Physical Science

Physical science is the study of the physical world around you. Learn about everything from electricity to magnetism in this section.

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Trying to figure out whether your research problem would benefit from qualitative vs. quantitative data? Learn about the differences and uses of each.

By Yara Simón

Distinguishing between discrete vs. continuous data and situations that call for each data type is important in ensuring you get your desired results.

By Marie Look

The iconic "school bus yellow" was the invention of an educator named Frank Cyr. But if yellow is so good for visibility, why don't all fire trucks use it too?

By Dave Roos

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All bubbles pop — that's a fact of life. But what's the science behind the short life and inevitable pop of a bubble?

By Allison Troutner

The Standard Model of physics provides a framework for the subatomic world of all energies. Could a possible newfound carrier boson expand the definition of that framework?

By Mark Mancini

Whether you're a math whiz or not, there are some pretty cool number theories, beliefs and coincidences to appreciate. How down with digits are you?

By Alia Hoyt

You've probably had ice stick to your hand when you pull it out of the ice maker. But why is that?

By Alia Hoyt

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It’s the ultimate cheat sheet for science class — and it’s right there hanging on the wall. What do you really know about the indispensable periodic table of elements?

By Nathan Chandler

The scutoid is kind of like the Higgs boson. Researchers theorized the new shape existed. And then they went looking for it.

It’s true: In 6 easy steps, you too can draw an impossible shape.

Juice and soda mix well with alcohol, but a few things don't mix so well. Some may just produce embarrassing moments. Others could cost you your life.

By Beth Brindle

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Most people probably haven't heard of the inventor T. Galen Hieronymus, but according to his advocates his machines are able capable of everything from remote analysis to remote healing -- so what is eloptic energy? Tune in to learn more.

All colors that you see fall into the visible light spectrum. Learn about the colors in the visible light spectrum in this article.

By Sascha Bos

Tour the inside of a nuclear power plant with these illustrative diagrams to learn more about how nuclear power plants work.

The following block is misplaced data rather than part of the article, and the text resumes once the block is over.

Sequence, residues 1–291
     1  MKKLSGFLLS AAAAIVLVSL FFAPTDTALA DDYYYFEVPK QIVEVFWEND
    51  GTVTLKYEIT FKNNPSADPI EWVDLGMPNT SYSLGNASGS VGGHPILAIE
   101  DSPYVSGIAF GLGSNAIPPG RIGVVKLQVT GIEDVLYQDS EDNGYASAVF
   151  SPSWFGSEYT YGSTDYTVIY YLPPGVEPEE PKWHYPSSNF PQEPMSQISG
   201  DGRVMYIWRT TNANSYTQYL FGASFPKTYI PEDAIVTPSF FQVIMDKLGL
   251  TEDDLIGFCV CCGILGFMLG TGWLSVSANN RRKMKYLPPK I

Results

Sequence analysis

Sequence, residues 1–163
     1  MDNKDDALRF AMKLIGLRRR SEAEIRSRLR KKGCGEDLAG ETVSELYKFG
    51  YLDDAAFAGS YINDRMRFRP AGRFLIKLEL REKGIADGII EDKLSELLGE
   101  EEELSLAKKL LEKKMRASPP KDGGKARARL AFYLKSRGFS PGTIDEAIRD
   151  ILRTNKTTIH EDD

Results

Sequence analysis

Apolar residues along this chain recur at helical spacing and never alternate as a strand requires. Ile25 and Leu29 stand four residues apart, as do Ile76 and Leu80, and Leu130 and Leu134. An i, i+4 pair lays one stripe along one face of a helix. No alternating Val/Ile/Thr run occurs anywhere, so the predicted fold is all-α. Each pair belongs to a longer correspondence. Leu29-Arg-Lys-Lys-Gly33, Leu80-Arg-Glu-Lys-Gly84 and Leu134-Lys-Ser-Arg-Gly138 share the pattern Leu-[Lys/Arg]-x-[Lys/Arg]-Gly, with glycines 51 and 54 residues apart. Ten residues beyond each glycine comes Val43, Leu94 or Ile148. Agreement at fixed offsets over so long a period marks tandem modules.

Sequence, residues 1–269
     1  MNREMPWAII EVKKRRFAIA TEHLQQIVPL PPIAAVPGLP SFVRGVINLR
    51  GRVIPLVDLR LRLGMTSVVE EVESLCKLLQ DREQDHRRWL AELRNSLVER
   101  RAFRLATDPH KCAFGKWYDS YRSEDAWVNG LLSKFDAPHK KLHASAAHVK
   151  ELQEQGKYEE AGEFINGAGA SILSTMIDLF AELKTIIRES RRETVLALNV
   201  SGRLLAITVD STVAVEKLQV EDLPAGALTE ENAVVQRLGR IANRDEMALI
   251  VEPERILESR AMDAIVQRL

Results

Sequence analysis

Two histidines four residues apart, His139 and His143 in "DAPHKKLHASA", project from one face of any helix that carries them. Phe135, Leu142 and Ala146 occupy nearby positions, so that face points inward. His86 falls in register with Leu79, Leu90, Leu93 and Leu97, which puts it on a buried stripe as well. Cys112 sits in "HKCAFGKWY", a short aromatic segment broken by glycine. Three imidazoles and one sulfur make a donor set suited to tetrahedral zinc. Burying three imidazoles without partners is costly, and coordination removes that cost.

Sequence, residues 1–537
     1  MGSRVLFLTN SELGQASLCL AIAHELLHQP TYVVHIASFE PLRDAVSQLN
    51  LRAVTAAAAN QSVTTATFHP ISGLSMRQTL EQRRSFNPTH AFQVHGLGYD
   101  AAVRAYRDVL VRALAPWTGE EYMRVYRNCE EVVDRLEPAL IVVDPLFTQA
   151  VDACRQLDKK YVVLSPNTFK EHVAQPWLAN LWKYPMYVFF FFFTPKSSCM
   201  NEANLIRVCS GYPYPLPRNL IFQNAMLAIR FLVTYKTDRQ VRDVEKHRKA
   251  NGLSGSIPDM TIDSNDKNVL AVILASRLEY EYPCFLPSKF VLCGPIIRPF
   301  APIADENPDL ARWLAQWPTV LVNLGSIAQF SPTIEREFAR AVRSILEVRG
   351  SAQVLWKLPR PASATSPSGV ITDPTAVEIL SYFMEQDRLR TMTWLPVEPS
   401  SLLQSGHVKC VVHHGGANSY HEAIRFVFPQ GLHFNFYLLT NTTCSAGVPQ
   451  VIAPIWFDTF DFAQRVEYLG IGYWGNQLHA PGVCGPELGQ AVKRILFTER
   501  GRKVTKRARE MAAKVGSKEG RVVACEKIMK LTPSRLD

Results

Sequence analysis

By Allison Loudermilk

When a corpse is found, the presence of insects gets a lot of attention during the investigation. But which bugs show up for the flesh feast? And how much can these bugs reveal about death?

By John Fuller

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The magnets found in an MRI machine are incredibly powerful. It can pull a stethoscope right out of a doctor's lab coat. So what would happen if you forgot to take out an earring? Ouch!

By Katherine Neer

The nuclear arms race was a frantic era in which several nations tested nuclear technology and stockpiled warheads. Read about the nuclear arms race.

By John Fuller

Dropping atomic bombs on Hiroshima and Nagasaki ended World War II. How did the most powerful weapon in the world get developed? It started with the Manhattan Project.

By John Fuller

Why do newspapers turn yellow over time?

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Imagine wearing a T-shirt with lettering on it while brushing your teeth. Why are the letters on the T-shirt reversed in the mirror, while your head appears right side up?

Scenario: A helium balloon is up against the ceiling one day, and the next day it's on the floor. Does the balloon fall because the helium leaks out, or because the helium molecules slow down due to decreased pressure?

By Austin Henderson

I have heard that carbon monoxide is extremely poisonous. Can you explain why?

Lasers are used in dental drills, eye surgery and even tattoo removal. But what exactly is a laser? There are numerous types, but all lasers work basically the same way. Learn how they generate such concentrated beams of light.

By Matthew Weschler

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We'll show you both a quick and dirty way, and a precise, more complicated formula for converting Celsius to Fahrenheit (and vice versa).

By Sydney Murphy & Austin Henderson

Many people get speed and velocity confused. It's no surprise because the terms are often used interchangeably. But they're not quite the same thing. So how do you find the velocity of an object?

By Mark Mancini